The Swiss have been voted the third-most popular tourists in the world, behind those from Japan and the United States, in a survey of hoteliers across Europe.This content was published on May 23, 2007 - 19:08
Swiss tourists were commended for being quiet and considerate – unlike Britons, who came fifth from bottom in the poll because of rude behaviour, noise and a miserly attitude to tipping.
Japanese tourists stood out for being polite and tidy, securing 65 per cent of the votes, 35 per cent more than those from the US, who came second despite being considered loud.
But according to the study, which was published on Wednesday, tourists from the United States gained points for attempting to speak the local language and always trying local food – in addition to spending a lot of money during their stays.
Swiss tourists attracted 18 per cent of votes – seven per cent ahead of the Swedes.
Based on responses from 15,000 European hoteliers, the survey carried out on behalf of travel website Expedia showed that the worst tourists were the French – who refused to speak foreign languages or try local specialities – followed by the Indians, Chinese and Russians.
US tourists were considered the worst-dressed and the Germans were the least-generous. This perceived tightness was the reason the Germans dropped from pole position in 2002 to fifth in 2007.
Peter Brun from Swiss travel company Kuoni told swissinfo that he wasn't surprised by the result.
"We're nice people!" he said. "It could be because we're from a small country and we sometimes feel a bit like the underdog – maybe it's just our mentality."
Brun confirmed that the most popular destinations for Swiss tourists remain Greece and Spain.
"It's such as big area – in Spain you have the Canary Islands, the mainland and the Balearics," he said, adding that sun is obviously also an attraction. "The Mediterranean way of life is always very popular."
In 2003 the Swiss made 21.8 million trips with overnight stays. Of those trips 47 per cent were abroad and nearly nine out of ten were in Europe.
As for tourists within Switzerland, the Swiss tourism industry thanked the bullish global economy and weak franc for its 34.8 million overnight stays in 2006 – up 5.8 per cent on 2005.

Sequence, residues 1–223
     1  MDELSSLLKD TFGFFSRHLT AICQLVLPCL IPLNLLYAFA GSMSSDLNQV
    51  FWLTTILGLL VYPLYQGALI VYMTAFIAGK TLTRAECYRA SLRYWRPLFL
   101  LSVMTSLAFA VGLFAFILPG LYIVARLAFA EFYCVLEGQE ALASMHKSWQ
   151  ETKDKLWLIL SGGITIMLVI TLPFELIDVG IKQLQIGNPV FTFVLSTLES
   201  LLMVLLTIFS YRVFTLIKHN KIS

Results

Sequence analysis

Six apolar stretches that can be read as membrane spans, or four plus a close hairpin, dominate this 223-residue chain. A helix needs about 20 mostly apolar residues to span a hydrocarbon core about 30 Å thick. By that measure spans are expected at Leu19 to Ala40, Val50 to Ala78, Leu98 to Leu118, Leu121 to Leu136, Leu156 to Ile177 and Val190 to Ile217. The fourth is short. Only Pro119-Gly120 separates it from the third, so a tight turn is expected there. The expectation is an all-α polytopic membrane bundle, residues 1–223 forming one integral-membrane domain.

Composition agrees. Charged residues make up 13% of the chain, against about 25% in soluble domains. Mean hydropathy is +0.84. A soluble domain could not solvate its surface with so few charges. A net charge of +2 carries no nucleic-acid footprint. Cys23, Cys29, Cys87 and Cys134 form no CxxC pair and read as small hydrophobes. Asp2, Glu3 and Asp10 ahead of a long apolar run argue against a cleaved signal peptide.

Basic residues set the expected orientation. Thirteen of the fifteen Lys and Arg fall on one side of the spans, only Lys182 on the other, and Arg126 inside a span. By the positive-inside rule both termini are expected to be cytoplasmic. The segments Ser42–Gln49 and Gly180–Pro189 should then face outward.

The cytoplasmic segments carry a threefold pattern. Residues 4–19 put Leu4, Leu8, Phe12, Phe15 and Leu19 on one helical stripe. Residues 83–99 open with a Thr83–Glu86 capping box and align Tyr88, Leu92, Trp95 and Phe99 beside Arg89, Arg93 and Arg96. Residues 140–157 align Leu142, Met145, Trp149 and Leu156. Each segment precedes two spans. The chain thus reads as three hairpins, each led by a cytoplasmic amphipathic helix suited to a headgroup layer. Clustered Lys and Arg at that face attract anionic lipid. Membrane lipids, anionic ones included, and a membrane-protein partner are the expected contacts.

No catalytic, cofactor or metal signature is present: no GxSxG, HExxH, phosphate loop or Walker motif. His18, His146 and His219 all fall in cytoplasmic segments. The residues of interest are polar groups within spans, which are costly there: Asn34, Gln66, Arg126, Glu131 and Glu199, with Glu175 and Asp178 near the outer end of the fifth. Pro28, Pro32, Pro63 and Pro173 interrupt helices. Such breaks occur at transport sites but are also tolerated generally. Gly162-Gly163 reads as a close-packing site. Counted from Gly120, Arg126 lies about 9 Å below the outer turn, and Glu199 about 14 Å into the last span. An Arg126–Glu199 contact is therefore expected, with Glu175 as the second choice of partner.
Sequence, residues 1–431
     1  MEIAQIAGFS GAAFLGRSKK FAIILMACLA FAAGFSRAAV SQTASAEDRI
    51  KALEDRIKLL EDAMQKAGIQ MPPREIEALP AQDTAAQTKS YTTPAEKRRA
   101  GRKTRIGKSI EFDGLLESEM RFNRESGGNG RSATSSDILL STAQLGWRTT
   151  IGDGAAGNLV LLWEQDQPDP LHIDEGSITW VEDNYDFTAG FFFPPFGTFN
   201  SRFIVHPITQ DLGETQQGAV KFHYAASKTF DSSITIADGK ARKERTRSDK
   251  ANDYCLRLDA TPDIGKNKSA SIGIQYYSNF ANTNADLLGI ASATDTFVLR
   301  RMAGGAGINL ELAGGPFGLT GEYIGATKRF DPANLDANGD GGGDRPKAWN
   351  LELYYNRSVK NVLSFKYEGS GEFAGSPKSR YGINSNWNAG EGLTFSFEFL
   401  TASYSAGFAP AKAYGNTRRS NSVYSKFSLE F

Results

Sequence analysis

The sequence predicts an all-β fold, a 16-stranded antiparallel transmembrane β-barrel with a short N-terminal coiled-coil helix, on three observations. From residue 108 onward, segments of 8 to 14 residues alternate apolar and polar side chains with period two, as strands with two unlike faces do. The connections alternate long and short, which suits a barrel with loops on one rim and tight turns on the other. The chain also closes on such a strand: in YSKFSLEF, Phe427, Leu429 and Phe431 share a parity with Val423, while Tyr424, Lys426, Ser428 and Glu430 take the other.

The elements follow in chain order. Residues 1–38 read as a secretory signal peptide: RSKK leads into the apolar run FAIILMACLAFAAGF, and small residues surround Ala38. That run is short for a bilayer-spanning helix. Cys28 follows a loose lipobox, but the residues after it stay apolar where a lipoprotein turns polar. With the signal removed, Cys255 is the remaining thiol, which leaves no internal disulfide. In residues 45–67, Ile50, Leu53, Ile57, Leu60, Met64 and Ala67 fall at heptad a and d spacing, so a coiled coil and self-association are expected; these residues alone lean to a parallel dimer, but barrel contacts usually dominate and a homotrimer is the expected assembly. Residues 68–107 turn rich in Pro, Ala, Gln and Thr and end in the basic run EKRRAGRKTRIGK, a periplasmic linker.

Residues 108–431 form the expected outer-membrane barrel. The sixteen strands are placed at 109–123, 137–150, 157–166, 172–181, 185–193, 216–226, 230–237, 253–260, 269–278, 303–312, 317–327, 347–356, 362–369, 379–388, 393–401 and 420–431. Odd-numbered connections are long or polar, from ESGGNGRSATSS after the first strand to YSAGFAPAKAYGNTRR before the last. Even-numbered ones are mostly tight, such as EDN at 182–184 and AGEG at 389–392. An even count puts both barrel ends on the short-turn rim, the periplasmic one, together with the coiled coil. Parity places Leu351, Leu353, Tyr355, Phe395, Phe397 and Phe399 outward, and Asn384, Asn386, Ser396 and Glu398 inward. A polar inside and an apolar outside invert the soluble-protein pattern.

According to a report by the Federal Statistics Office released in February, the sector's best figures since 2000 comprised 18.3 million foreign stays, up 7.2 per cent, and 14.6 million Swiss stays, up four per cent.
The biggest market for Switzerland remains the Swiss themselves itself, then the Germans and then the British.
There has also been a boom in tourists from the so-called BRIC nations – Brazil, Russia, India and China. The Swiss government announced in December it was focusing economically on these states.
The number of nights spent in Switzerland by Russian tourists rose by 18.7 per cent to 328,000. The figure for Indian tourists was 284,000 (up 14.2 per cent), for Chinese tourists 205,000 (up 19.5 per cent) and for Brazilian tourists up 24.4 per cent to 128,000.
Swiss tourism has its origins in the 19th century and flourished until the First World War. It then suffered a downturn due to the economic crisis and the Second World War.
The sector recovered during the post-war era, as Switzerland did not suffer any war damage. The boom lasted until the end of the 1980s. After a difficult 1990s, the sector is seeing an upturn.
The Swiss tourism industry generates around SFr22.8 billion ($18.2 billion) a year, around 5.1 per cent of gross national product. More than half comes from foreign tourists.
According to Hotelleriesuisse, the hotel sector's turnover is around SFr8.6 billion a year, with 33 million overnight stays annually.
Tourism in Switzerland employs 250,000 people.
According to the World Economic Forum (WEF), travel and tourism is one of the world's largest economic activities.
In 2006 the sector generated 10.3% of world gross domestic product, providing 234 million jobs or 8.2% of total world employment.
According to the World Tourism Organization (UNWTO), the number of international arrivals grew from 25 million in 1950 to an estimated 763 million in 2004 – an average annual growth rate of 6.5%.
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